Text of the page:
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Capturing his journey, one cocktail at a time

The year was 2016, I met Fay Barretto, a buzzing marketer nailing a presentation across a boardroom. Cut to 2019, I see the same Fay continue to slay behind the bar counter. Three long years and a career change later, @MrBartenderFay is not just a known mixologist in Mumbai where he was born and raised, or Goa, where he began bartending but across several cities. 

In a world where bartenders try to conquer one bar counter, Fay has managed to find his home behind several. This is the story of Fay, the traveling bartender who believes in going with the flow. 

How did you decide to leave your big paycheck job to pursue a totally new career?
Bartending is something that I had tried a long time before. My first was at Woodside Inn - Oshiwara back in 2010 after which I moved to Bangalore and saw Ami Shroff who worked at Geoffrey's then. Soon after, I balanced a day job in marketing and a night job bartending at Sanctum. But as you get older, you tend to stick to the jobs that pay you well and that’s what I did for a long time. Then in 2016, after taking a sabbatical in Goa, I just never returned. I started bartending at Burger Factory just to get a hold of it. And that’s how it all began.

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Tell us about your early bartending days
I was working with The Project Café Goa for a long time where I met a bunch of interesting people and I started to do my own innovative mixing. I wouldn’t read up the internet or mimic what other bartenders were doing. I did what seemed good to me and realised that it wasn’t too different from a mixologist. 

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What was your earliest lesson in bartending?
One of my boss’ told me, if you make friends and bring your customer to your bar more than thrice a week, you're good and that's what I’ve always kept in mind. I remember one old uncle; he only drank 2 beers and every time he would come Travain (my friend and senior bartender) would say go talk to your friend. For 25 days he kept coming, and then he got his family and gave me a Rs 17,500 tip and said don’t share.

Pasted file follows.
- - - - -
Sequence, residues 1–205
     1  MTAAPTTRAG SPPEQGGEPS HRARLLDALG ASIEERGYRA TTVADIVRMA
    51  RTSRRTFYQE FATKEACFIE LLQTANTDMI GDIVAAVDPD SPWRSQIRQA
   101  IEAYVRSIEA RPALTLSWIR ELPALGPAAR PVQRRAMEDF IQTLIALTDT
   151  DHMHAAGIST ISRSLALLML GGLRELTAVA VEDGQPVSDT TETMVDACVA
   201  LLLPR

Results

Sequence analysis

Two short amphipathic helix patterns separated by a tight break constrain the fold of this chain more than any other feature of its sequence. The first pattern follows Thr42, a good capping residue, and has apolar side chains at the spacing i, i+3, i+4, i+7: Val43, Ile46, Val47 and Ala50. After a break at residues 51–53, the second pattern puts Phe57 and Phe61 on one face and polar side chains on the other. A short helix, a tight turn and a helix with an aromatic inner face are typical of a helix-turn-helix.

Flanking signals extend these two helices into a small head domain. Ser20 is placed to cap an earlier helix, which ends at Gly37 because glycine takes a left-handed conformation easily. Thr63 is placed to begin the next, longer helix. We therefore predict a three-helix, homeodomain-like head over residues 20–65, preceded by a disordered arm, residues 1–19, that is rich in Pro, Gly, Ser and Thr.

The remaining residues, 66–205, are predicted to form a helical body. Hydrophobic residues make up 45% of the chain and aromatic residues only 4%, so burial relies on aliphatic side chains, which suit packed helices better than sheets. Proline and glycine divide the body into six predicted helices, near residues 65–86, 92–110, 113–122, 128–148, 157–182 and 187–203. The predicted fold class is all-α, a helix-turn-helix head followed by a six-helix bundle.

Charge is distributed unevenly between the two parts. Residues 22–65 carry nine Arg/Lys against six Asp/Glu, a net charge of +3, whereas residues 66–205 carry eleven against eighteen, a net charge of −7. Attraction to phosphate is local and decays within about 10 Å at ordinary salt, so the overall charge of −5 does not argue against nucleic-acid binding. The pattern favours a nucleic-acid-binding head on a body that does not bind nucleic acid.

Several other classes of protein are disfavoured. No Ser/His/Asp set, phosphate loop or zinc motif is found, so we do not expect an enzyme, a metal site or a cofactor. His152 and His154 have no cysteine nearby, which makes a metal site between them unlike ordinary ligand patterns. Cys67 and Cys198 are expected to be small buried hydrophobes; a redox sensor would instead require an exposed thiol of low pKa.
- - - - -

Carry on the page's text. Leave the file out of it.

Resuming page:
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Fay, the traveling bartender, how did that happen?
When I was in Goa, I was bartending in small bars here and I realised why don’t I just do this instead. If your work is good people call you. You need to have your skill set and a clientele and then word just spreads. I managed to make some really good contacts in cities like Mumbai, Goa, Bangalore, Delhi and more recently Pondicherry too. I hop through bars across these cities every week where I do a bar takeover. I also bar hop across music festivals like Magnetic Fields and Supersonic where I have my bar popups. 

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How does a bar takeover work? Tell us more about this trend
Based on where I go, I make my bitters and shrubs and curate my own signature cocktail menu and that's how it works. I’ve done really interesting cocktail programs at some of these bars. One is called Bandra Buggers where I take all the flavours and smells from my childhood growing up in Bandra and put it in drinks. This happens at Boston Butt, Mumbai. Then there’s something called the Dream Series that I do in a few bars in Goa. In other cities, I co-create drinks with the in-house bartenders. The theme could be three ingredients three ways, floral and fruits and a bunch of interesting combinations like that.

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Describe the life of a traveling bartender
You live out of a box, literally. It's fun, you meet so many people but you're on the move. You have to stay enough to make it happen but not so much that you lose out on other gigs. I have a small space in every city, so it works out. I also travel with my own kit, my bitters, my liqueurs and ice. I have a small setup in Bandra where I have a centrifugal machine too, a freezer - to store my ice, a place to make my cocktails, liqueurs and bitters. It's like a small cocktail/minibar lab where my friends and I hang. We call it Barretto Cottage.

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What's your personal bartending style like?
My bartending style consists of an Asian style bartending trend, incorporated with pop culture references and traditions that complement them. For instance, at Kimono Club, I did a Geisha Vs Samurai program, where I created cocktails that represented both through their look and feel. I used edible chocolate sheets to make small figures of the two and placed them in the cocktails, so people knew what they’re drinking.

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What's the best thing about bartending at different bars on the go?
The bartending community is very supportive. When you travel and meet different bartenders, there’s always something to learn and unlearn and learn it back in a different way. But at the end of the day, we’re serving customers. So as my policy goes, I make friends with my customers and they come to see me and that's the best part - to have a friend everywhere in the world.

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Share a few wise words from across the bar
India always had this herd mentality of following a boss. Don’t do that, stand up and be true to what you believe in. Learn the right things even if it's by yourself. Don’t let anybody out you down for no reason. It's been tough for people who are alternate but thanks to a lot of people it's easier for women bartenders and other alternate people to work in this field. 

Another thing I'd like to say is that talented people take time, competitions and industry recognitions are imperative. Let that only motivate you. 

Images Courtesy: Instagram/@MrBartenderFay 

*Drink Responsibly!

 
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